Amartya Sen gets top French award from President Hollande
18 February 2013
French President Francois Hollande on Saturday conferred one of his country's highest decorations on Nobel Prize-winning economist Amartya Sen, introducing him into the Legion of Honour.
Sen, brought up in Kolkata, was conferred 'Commandeur de la Legion d'Honneur' by Hollande during a seminar in Delhi.
Conferring the award, Hollande praised Sen lavishly, quoting extensively from his works that speak about the problems faced by the poorest sections of society. He called Sen "the greatest humanist" and a "great thinker" celebrated for his contributions to economics and philosophy.
"His works help improve the lives of people. He was an Indian by birth and was an Indian at heart as well though he travelled and worked in the far-away West," Hollande said.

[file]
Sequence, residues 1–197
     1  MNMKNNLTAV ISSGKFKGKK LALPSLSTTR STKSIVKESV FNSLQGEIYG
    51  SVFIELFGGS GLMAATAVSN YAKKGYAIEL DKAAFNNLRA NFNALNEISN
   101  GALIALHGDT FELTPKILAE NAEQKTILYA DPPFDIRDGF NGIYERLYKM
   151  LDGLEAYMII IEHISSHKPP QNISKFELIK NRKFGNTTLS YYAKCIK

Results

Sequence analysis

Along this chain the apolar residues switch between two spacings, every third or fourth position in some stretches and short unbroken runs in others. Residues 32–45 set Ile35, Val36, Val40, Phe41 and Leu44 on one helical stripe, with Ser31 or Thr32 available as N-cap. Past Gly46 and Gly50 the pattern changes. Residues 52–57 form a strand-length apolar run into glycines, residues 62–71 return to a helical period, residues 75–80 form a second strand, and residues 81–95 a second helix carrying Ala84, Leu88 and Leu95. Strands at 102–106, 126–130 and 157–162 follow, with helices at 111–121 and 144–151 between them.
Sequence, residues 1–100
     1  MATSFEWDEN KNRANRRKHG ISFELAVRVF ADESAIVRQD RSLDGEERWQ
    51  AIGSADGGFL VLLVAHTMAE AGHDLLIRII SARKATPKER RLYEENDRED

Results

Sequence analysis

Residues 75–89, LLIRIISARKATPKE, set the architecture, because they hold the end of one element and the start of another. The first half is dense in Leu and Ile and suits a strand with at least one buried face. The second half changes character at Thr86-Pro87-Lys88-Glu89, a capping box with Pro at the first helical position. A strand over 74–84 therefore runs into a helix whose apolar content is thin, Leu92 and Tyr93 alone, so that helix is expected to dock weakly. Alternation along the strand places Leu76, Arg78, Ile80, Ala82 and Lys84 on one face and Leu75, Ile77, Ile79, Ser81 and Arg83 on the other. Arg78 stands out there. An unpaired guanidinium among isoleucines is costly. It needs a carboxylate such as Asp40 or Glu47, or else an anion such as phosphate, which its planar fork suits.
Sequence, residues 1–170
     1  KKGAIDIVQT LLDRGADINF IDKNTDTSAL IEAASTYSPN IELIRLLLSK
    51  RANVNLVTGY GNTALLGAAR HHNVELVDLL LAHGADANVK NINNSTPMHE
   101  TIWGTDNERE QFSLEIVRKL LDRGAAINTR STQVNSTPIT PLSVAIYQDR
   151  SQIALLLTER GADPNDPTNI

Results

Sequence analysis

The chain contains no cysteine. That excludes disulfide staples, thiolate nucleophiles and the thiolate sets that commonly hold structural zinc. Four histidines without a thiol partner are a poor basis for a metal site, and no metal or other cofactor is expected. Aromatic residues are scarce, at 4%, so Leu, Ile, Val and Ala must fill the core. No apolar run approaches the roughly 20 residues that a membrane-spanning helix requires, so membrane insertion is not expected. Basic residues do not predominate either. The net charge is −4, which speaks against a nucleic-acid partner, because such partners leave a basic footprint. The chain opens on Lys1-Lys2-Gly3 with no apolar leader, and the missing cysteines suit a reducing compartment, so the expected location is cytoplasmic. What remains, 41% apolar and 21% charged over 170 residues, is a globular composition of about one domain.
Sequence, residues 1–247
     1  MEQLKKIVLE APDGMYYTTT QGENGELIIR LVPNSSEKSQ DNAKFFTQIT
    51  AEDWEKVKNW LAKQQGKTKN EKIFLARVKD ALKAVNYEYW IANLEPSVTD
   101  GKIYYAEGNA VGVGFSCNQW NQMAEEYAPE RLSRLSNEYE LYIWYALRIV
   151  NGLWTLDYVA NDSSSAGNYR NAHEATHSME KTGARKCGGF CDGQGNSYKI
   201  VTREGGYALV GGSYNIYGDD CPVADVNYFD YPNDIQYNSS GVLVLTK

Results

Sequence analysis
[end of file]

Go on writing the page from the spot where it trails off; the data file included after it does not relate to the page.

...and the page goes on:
Sen is known to be slightly left of the centre in his economic philosophy; he was given the Nobel mainly for his explanation of the Bengal Famine during the mid-seventeenth century; at the apogee of the British Raj.
In acceptance, Sen, the 79-year-old Nobel laureate, said, "I am extremely honoured as I have great admiration for French culture and civilisation. The President's connection with socialism is a thrilling part of receiving this honour from him."
Sen received a standing ovation twice during the ceremony.
In his speech, Sen spoke of his admiration of French civilisation and recalled former president Nicolas Sarkozy's move to appoint a commission headed by him and another Nobel Prize winning economist, Joseph Stiglitz.